Evangelism 101 What Not To Do

Evangelism 101: What Not To Do (WNTD)

Have you ever had one of those conversations about God with your friends, coworkers, family, etc… where they either zone out or you feel like the conversation just isn’t going anywhere

Never right?


Write This One Down: What Not To Do

Okay, all jokes aside, as Christians our ability to share God with others is second in importance only to our personal relationship with God himself

Yes, it is more important than being popular, wearing cool clothes or even being able to sing our favorite songs on Sundays without sounding awful

Sometimes, talking about our relationship with God can seem tough but after spending a lot of time speaking to people in professional, personal, and spiritual situations, I have learned that it isn’t what we say, but how we say it that determines whether we successfully express ourselves or not

This means, when we say or do certain things in a conversation that turn people off, even if what we are saying is totally amazing and might make other Christians bounce up and down with joy, we have lost a battle in the war to bring someone new into the kingdom

What am I talking about?

Here are some examples of “What Not To Do”:

  • Build a conversation around “Christianese”
    • As Christians we hear words like “grace, salvation, the blood of Jesus, etc…” and often repeat these things without considering what they might mean to someone else, but remember that these statements usually sound like code words to someone who is “outside the club”, and will often be misunderstood
    • “Come drink of the blood the lamb, and you will be saved!”    “Wow, sounds awesome! Where do I sign up!?”
  • Speaking as if our thoughts are the only ones that matter in the conversation
    • Most people will not listen if they feel their opinions are not considered, and it can come across as not having an open mind
    • Also, if we cannot personalize our invitation for someone, it can feel less sincere
  • Talk about God using too much scripture
    • For most people, this can often be confusing as Christians usually have a good understanding of the Bible and what the context is for a lot of verses, but most non-Christians don’t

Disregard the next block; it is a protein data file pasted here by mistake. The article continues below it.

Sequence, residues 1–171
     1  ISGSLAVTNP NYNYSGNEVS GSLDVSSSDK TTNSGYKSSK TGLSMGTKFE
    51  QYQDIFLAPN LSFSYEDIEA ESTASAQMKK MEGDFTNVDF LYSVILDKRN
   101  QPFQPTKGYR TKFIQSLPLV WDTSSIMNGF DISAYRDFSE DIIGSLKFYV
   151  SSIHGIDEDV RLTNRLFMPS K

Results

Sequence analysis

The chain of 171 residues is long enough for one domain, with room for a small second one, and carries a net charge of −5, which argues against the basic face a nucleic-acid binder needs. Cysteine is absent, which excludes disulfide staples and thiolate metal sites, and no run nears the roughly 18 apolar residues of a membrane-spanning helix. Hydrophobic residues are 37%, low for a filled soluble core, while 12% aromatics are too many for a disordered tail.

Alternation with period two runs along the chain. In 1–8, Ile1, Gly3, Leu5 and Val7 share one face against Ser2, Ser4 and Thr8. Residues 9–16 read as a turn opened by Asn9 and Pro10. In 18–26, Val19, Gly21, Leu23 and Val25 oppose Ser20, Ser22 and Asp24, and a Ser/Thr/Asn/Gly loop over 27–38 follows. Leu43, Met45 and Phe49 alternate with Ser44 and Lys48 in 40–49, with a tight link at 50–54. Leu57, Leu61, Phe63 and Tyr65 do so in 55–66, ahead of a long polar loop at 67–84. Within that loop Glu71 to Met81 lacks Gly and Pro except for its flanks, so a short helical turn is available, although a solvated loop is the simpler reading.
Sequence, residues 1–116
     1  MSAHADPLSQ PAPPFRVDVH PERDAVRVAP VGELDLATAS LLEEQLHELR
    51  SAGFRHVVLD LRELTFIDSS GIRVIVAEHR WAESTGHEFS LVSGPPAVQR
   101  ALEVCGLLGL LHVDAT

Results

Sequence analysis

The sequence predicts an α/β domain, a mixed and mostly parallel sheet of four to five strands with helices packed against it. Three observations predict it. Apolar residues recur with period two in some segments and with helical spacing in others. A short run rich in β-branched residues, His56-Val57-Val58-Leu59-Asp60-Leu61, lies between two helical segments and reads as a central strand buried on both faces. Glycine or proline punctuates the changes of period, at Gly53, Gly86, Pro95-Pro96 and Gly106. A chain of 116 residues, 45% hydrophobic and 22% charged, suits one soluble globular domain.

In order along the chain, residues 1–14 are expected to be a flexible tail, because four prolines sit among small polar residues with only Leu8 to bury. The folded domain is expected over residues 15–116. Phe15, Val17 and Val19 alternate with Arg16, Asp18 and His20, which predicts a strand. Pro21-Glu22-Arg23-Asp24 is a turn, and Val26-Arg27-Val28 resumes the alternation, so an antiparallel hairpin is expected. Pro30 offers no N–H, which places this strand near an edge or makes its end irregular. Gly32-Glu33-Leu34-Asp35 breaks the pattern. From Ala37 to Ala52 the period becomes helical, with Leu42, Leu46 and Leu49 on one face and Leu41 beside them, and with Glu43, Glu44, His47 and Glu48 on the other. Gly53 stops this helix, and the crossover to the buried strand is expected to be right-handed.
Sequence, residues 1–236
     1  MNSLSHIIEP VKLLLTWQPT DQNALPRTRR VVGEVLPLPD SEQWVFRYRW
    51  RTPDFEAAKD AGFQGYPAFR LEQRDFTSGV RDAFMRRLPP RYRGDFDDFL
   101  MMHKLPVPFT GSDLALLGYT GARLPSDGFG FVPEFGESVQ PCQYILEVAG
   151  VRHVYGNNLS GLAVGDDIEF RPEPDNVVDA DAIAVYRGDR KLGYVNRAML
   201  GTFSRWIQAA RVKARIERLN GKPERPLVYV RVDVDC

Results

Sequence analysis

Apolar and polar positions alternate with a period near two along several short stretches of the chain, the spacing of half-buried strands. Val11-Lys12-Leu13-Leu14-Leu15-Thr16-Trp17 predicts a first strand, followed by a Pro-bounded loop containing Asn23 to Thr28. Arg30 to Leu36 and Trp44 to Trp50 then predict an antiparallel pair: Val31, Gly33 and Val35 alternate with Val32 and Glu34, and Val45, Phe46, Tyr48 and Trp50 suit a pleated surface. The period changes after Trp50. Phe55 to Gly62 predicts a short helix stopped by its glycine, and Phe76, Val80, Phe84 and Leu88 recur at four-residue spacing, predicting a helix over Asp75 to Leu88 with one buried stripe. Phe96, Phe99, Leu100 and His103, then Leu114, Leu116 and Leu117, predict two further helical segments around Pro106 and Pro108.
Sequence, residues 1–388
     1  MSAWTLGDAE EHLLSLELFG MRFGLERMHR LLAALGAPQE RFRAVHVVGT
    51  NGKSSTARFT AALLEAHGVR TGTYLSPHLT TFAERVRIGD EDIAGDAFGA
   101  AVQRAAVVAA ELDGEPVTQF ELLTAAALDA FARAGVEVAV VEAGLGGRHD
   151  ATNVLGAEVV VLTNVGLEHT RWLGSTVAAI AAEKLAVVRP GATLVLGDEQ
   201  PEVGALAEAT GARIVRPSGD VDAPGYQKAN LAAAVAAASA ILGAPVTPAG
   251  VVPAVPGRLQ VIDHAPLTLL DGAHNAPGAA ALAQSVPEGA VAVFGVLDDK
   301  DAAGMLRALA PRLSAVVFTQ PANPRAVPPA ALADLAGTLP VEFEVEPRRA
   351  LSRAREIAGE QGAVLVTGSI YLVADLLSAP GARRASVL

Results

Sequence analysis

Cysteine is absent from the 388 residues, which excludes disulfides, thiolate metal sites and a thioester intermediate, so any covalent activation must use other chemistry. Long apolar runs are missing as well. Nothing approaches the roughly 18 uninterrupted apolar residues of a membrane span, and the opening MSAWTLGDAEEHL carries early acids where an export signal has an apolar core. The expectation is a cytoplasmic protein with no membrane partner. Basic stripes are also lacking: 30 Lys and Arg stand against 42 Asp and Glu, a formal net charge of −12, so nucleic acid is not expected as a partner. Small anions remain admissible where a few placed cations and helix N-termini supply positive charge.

• Speak about our relationship with God without being bold enough to openly discuss things we have overcome
    • Sharing our personal stories will often set the tone for others to feel comfortable sharing about themselves
  • Make a point of not making people feel judged because of their lives
    • Most people do not come to God because they were beaten over the head with a Bible and told they were going to hell because their life is bad
  • Get frustrated and upset because someone doesn’t accept what we are saying
    • Nobody likes a spaz, this goes without saying!

Our Lives Should Be Holy, Living Testimonies

The things we do in our every day lives should be shining testimonies to the power of God’s work in our lives

This means we aren’t Sunday Christians who fake the funk the other six days of the week, but live in a way that is pleasing to God at all times

Nobody likes a hypocrite, and this is the single biggest thing that turns people away from Christianity–insincere Christians who claim to know God, but deny him in their lives through sin

Matthew 5:16
In the same way, let your light shine before others, that they may see your good deeds and glorify your Father in heaven

I mean honestly, who would want to join up with a group of insincere people who do not live what they preach?

There are enough insincere “religious” people in the world, shouldn’t we be better than everyone if we have found “the way”?

I usually jump right on the topic of hypocrites early when talking with people about God, and openly say that I feel most Christians do not walk the way they should and usually take God for granted

It is too easy to dismiss Christianity because of the individuals in it, so I focus on the fact that God doesn’t make himself look bad, Christians do!

Ephesians 5:17-19
Be very careful, then, how you live—not as unwise but as wise, making the most of every opportunity, because the days are evil. Therefore do not be foolish, but understand what the Lord’s will is. Do not get drunk on wine, which leads to debauchery. Instead, be filled with the Spirit, speaking to one another with psalms, hymns, and songs from the Spirit

Try Not Act Like A Sweaty-Handed Doofus

Okay, sometimes you will just be a sweaty-handed doofus (I get nervous all the time!), but nobody likes it when someone nervously tries to sell them something, it is just creepy right?

“Like, why can’t this person just have a conversation rather than act weird?”

Being able to communicate in a calm, confident way is very important, so we should focus on our sense of enthusiasm and excitement that we are sharing the gift of life with others rather than on how nervous we are because we are afraid of the conversation not going well or because we are scared of saying something wrong

The reality is, it takes practice to be sensitive to God’s guidance and also to be sensitive to the people we are talking with